Corryn flinched as if burned. He'd always suspected Sewell would have been there in the final moments. But to hear it confirmed made his heart ache. Still, Morna had always sworn she would not reveal their secrets. He narrowed his eyes suspiciously, stepping closer to the old man.

"Morna would never have spoken of me, even if in pain," he stated, then realized the very words undermined his denial. He paused, passing his hand over his stubbled hair. As much as he desired to be away from this conversation, he had to know. Dreams and ghosts could not soothe the emptiness of not knowing about her last moments, of the painful questions that still haunted him.

"What… what did she say?" He hated how desperate he sounded.

"You must forgive her," said Sewell gently. "The fever was very bad for a time - and she found it hard to separate reality from what she longed for. She believed you were there, with her - and her heart was torn between her joy that you were with her - and fear that you might be discovered."

The ground became unsteady and Corryn found himself slumping back against the Mother tree. Tears filled his eyes, a mixture of joy and sorrow. He'd always dreamt that Morna had thought of him in her last moments. To hear it confirmed overwhelmed him with mixed emotion. He realized he was now sitting on the ground, the lilies at his side.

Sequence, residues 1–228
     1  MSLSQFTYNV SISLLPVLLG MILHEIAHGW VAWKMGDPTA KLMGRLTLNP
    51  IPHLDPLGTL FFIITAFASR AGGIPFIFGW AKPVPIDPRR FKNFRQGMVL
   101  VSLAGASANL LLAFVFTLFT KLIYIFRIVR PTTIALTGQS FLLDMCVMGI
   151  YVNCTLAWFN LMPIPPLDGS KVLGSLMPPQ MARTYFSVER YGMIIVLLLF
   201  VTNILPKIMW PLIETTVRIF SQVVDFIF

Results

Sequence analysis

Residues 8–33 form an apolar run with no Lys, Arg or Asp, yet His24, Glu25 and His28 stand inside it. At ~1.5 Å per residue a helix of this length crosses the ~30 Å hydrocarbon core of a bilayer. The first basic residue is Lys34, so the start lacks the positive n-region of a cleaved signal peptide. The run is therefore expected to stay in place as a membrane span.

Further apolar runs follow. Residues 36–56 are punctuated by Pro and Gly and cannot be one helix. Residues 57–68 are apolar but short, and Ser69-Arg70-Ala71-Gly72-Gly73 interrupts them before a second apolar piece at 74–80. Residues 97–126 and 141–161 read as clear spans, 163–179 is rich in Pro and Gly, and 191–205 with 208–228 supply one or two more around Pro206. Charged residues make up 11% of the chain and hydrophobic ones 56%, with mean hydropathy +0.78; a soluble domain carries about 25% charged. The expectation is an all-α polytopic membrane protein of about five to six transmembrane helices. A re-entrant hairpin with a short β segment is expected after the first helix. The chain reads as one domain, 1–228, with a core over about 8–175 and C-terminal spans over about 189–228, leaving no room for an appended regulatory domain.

He stared up at the maester, brittle and lost. "How could I ever disapprove of her wishing me there? There is nothing to forgive."

Corryn wiped his wet cheeks and sighed. "Did she suffer much? Did the child…" He shook his head, grinding a palm into his forehead. He wanted to know and yet feared the truth more than anything.

Sewell hesitated but then said, "It was not easy. But then, it is never easy for a woman to bear a child. And for Lady Morna ... I had warned her, after the last ... another would be dangerous for her. I warned Ser Godfrey too."

Corryn glanced away, feeling a stab of guilt puncture his heart. He picked up the lilies and turned them over in his trembling fingers. He pulled his knees up, resting his elbows on them as if to shield himself. "She never told me… I would have stopped her. Why didn't she tell me?"